Prophetic champ

Racing was a very dangerous business in the 1960s and 1970s because seize-prone two-strokes and street circuits were a terrible mix. Ivy was the last but one of 25 riders to die at world championship events during the 1960s. The others lost their lives at the Isle of Man TT, Assen, Solitude, Dundrod, Imatra, Brno and Spa Francorchamps. Like all riders, Ivy knew his number could be up at any time. Bizarrely, the chills gripped him just before his final outing.

“He said to me the day before he left for East Germany, ‘I really don’t want to go this weekend, I really don’t’,” he told friend Lady Sarah Marguerite Curzon, the wife of racing driver Piers Courage, who was killed during the 1970 Dutch Formula 1 GP.

“I said, ‘then don’t go, Billy! If you really feel that you’re not happy about going, just don’t go.’ He told me he had to. ‘It’s my bread and butter’. I tried to persuade him… but it was no good.”

The premonitions must’ve been pretty strong, because before leaving his flat near Heathrow, Ivy put all his affairs in order and left money with a friend. “This is to pay for a booze-up for the boys if anything should ever happen to me,” he said.

“Because I’ve got a feeling that one of these days I shan’t be coming back.” (Rohrlapper photo)

The show goes on

The East German Grand Prix went ahead the next day, with the 350cc race getting underway after a bouquet of red carnations had been laid in Ivy’s grid slot and 200,000 fans had held a minute’s silence. Agostini won the 350 and 500 races, Renzo Pasolini (Benelli) took the 250 and Dave Simmonds (Kawasaki) the 125. Ivy’s death did have an immediate effect on circuit safety at the part-cobbled Sachsenring and was an important turning point in the push for safer circuits. On news of his death, the survivors lobbied the event organisers to put out more straw-bales before the following day’s racing. Jack Findlay, Rod Gould and Santiago Herrero advised where the bales were needed. Herrero had less than a year to live – the Spanish star died following an accident at the 13th Milestone during the 1970 Lightweight TT. He was one of five racing deaths at that year’s TT. Finally, the FIM seemed to get the message: something had to be done to reduce the death toll. They announced that all grand prix events should be preceded by a meeting with riders. As always, it had taken the death of a famous rider to wake people up.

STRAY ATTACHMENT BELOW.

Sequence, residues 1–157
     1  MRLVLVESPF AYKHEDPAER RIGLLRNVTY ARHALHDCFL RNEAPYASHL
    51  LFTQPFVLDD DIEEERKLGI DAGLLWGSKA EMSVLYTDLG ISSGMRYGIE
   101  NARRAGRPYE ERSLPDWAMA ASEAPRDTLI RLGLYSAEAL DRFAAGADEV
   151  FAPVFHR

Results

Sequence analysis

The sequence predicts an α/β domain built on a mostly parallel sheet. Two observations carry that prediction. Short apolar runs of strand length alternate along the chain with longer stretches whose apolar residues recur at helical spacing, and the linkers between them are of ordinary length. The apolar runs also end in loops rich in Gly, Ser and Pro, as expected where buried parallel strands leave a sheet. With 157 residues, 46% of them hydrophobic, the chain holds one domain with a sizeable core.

Taken home

Letter from the Sachsenring organisers detailing the return of Ivy’s body to his mother, in Ditton, near Maidstone. Because the body had to be transported across borders it was laid to rest in a zinc coffin, welded up by a local plumber. The coffin was held at the Karl-Marx-Stadt cemetery, driven to Berlin and flown to London. Ivy’s funeral took place at St Peter’s church, Ditton, with Read, Mike Hailwood and other bike racers in attendance, as well as important figures from car racing, including Ken Tyrrell and Frank Williams. Ivy’s body was cremated and his ashes scattered at an unknown location.

Words Mat Oxley

Photography and documentation Motorrennsport archiv.de